Paul Niland explores the lurking horror of a Boris Johnson majority government for British jobs, the economy and the other pitfalls of his murky Brexit plans.


You’ve woken up the morning after Britain’s third General Election in four years and Boris Johnson has pulled off the result he wanted. The Conservatives have an absolute majority, no coalition is needed, no partners such as the DUP requiring a billion pounds to add their votes to prop up the Government are sought out. So, what’s next?

Well, Brexit, obviously.

Johnson is going to take his majority as a mandate for Brexit, no ifs and no buts (this time) and no going back. The UK will be leaving the EU and the Prime Minister will “get Brexit done”, as he has promised throughout his campaign.

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The reason, of course, why Brexit didn’t happen last time he promised it would – and why he asked for the extension he said he’d “die in a ditch” before requesting – is because Parliament asked for more than 24 hours to examine the details of the Brexit deal he had agreed with the EU.

Now, with the Conservatives enjoying a majority in Parliament on their own, there will be no problem with getting Johnson’s deal passed, or with any kind of pesky oversight, because they have the votes.

Whatever devils are buried in the detail, they won’t see the light of day as the UK makes a rapid exit from the EU.


Oven-Ready Deception

The next thing that will happen is that, having left the EU, the British public are going to get something of a shock, because that’s when they’re going to learn that Brexit is not, in fact, done. Actually, it has only just started.

When Johnson promised to “get Brexit done” time and time again during the General Election campaign, he was lying. Despite the recent debate, expressed most pointedly by the BBC, as to whether it is proper to call the Prime Minister a “liar”, we know that a lie is an intentional act of deceit. And, as Johnson knows, Brexit is not “done” with the withdrawal agreement. It is a lie and he a liar.

Brexit will not be done – as in this matter is closed, thankfully, because everyone is sick and tired of it – because (as Johnson knows) the UK actually does need some form of trade relationship with the EU. It is right there on its doorstep: four decades of deepening cooperation and the increased ability to trade freely with those neighbouring countries means that the UK’s economy is deeply tied to the EU’s.

The massive volume of trade between the UK and the EU (representing 45% of all UK exports, for example) needs to be continued according to some kind of framework. So the reality facing the UK over the next year is that a deal has to be done.

Johnson has told the British electorate that he has a Brexit deal “oven-ready”. That’s also a gross misrepresentation. The withdrawal agreement (which Johnson has now denied leaves Northern Ireland in a different regulatory environment from the rest of Britain) is not a trade deal.


In the Dark

Johnson and various of his ministers have also made light of the process of getting a trade deal with the EU. This may not be deliberate dishonesty, but a lack of knowledge or wishful thinking. But let’s look back.

In 2016, Johnson and others who were selling Brexit to voters said it would be “the easiest deal in history” which could be “done in an afternoon over a cup of tea”. A key part of the misrepresentation about how easy a future UK-EU trade deal would be is that this is a unique situation because the UK and the EU are presently aligned in terms of law and regulations. Most trade deals involve an increasing alignment and that is why they take time to negotiate, because the degree of that alignment is a matter of negotiation and the wishes and realities of the parties involved are being haggled and balanced.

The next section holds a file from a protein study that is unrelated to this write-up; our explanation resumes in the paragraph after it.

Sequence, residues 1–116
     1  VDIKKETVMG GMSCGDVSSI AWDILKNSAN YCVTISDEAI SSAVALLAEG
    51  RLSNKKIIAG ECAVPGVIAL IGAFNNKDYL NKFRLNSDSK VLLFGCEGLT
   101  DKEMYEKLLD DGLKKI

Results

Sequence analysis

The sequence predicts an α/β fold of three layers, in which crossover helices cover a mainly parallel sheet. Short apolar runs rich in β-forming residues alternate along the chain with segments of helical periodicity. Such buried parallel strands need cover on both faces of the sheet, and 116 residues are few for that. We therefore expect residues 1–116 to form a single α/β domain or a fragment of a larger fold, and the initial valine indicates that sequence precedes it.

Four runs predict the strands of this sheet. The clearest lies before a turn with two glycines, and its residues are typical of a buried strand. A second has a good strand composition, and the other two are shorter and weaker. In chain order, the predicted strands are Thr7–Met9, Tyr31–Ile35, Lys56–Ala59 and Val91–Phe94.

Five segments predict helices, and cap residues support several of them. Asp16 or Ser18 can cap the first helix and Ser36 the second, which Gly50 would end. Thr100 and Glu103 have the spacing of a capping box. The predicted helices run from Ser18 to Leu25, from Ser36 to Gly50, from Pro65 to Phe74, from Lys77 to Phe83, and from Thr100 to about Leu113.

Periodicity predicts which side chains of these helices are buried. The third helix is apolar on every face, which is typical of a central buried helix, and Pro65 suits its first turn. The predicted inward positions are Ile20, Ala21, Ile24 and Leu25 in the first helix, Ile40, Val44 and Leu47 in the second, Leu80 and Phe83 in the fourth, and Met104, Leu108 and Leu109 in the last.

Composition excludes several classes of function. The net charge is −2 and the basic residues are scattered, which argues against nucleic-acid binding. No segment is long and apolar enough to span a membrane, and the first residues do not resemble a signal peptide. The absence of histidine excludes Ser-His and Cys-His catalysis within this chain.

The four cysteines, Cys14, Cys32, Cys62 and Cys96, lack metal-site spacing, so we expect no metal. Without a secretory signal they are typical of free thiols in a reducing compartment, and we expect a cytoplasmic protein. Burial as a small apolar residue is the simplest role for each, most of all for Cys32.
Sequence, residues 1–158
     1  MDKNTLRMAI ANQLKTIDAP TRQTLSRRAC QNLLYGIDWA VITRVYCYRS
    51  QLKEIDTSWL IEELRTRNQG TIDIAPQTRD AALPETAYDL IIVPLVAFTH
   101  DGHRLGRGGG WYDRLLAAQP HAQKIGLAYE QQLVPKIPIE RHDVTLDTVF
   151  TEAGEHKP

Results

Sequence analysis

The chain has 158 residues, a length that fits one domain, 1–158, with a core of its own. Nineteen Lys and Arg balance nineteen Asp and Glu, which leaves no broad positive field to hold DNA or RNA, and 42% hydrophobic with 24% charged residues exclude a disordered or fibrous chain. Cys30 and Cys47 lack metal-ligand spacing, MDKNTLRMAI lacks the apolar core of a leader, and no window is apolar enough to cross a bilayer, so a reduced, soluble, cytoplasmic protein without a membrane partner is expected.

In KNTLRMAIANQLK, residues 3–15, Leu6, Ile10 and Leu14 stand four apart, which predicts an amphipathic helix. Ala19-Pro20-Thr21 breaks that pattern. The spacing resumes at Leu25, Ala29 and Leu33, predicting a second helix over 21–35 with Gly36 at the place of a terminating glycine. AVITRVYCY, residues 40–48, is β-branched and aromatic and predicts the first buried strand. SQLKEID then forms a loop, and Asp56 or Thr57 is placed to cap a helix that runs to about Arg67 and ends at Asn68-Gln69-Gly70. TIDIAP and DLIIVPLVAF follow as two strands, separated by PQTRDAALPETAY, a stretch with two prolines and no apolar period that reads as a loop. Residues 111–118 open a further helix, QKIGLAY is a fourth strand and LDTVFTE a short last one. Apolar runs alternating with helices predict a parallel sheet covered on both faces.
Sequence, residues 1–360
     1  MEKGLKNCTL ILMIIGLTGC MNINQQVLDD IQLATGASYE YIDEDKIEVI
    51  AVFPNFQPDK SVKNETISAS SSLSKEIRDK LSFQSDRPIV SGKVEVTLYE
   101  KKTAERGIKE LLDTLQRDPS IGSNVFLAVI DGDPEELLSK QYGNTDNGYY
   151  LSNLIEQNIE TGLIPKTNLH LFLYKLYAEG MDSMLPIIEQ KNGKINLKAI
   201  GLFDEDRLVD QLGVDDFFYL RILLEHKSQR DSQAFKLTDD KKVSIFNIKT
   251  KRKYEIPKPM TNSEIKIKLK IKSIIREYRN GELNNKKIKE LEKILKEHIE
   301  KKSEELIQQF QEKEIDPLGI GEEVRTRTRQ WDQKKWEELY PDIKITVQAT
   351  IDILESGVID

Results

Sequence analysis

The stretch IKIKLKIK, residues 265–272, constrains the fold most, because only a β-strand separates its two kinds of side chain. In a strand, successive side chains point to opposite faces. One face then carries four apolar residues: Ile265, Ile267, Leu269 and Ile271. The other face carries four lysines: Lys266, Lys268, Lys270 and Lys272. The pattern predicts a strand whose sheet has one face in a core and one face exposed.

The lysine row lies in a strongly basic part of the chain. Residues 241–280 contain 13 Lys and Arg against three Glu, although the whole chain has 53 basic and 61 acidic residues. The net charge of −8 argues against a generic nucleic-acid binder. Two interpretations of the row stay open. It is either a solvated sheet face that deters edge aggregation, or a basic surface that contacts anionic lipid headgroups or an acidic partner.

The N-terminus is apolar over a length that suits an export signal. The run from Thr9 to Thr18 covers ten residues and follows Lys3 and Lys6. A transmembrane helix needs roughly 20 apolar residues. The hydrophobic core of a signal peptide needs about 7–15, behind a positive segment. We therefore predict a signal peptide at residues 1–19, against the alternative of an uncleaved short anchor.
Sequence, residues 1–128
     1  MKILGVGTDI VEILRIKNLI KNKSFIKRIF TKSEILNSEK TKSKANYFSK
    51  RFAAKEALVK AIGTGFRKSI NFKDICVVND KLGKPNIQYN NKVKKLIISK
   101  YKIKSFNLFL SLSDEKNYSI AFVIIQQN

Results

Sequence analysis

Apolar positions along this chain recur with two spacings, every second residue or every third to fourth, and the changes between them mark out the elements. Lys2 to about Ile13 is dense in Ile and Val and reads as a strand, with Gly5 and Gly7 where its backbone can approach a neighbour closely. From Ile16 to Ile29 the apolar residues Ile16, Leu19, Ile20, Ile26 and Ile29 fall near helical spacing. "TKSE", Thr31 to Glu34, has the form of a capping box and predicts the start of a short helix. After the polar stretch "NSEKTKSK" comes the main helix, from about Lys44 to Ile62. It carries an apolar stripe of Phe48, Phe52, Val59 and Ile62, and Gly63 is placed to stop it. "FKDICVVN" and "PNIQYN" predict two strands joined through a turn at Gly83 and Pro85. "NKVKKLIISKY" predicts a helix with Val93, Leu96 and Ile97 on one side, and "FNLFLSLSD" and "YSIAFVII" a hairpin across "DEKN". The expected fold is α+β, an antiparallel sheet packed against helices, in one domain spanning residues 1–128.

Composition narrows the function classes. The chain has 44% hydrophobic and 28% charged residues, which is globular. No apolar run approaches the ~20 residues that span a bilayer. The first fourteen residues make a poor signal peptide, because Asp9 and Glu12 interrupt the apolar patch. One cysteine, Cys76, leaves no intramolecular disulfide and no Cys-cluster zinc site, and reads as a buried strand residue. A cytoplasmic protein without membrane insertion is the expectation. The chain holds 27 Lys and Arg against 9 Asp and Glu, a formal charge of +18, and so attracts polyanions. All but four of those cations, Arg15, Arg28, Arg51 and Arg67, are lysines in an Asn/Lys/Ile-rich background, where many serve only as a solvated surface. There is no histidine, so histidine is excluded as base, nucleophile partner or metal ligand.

Brexit, though, is different. It involves a negotiation on how far the parties are going to be distanced. That is what is at the heart of it. If there was any hint of what the degree of separation would be and just how far the parties will be moving apart after the divorce, it might become somewhat easier to make predictions about how easy reaching a deal might be. But there is not. Everyone is in the dark about this. The Government has made no announcements on this point, there has been essentially no public discussion on this point.

There is no conception of what Brexit will mean in real and practical terms – including on people’s livelihoods. Businesses that have been aligned to the EU market will close. People will lose their jobs. Whether this will happen is not in question. The only question is the extent to which this will happen.


No Impact Assessment

The UK Government has refused to publish any kind of assessment of the potential economic impact of Brexit. It has also not costed the effects of Johnson’s Brexit deal.

It is the kind of lack of transparency which it has become well known for in such a short space of time. But, it also represents how there are too many variables to make accurate predictions.

Another pledge Johnson has made is that there will be no extension to the transition period. In December 2020, whether or not a deal is agreed, that’s it: the UK will now be alone and the trading relations that currently affect massive parts of the UK economy will suddenly evaporate.

The families affected by this may be presently assured by Johnson’s nice words, but they should be looking at his record for telling the truth. For, with a majority in Parliament, there will be no checks and balances, nothing to stop this deeply damaging course of action, regardless of how long the drop off the cliff is.

Friday 13th is not a date I have ever been afraid of at any time in my life. Except now.

Paul Niland is an Irish writer and political commentator based in Kyiv, and the founder of Lifeline Ukraine.


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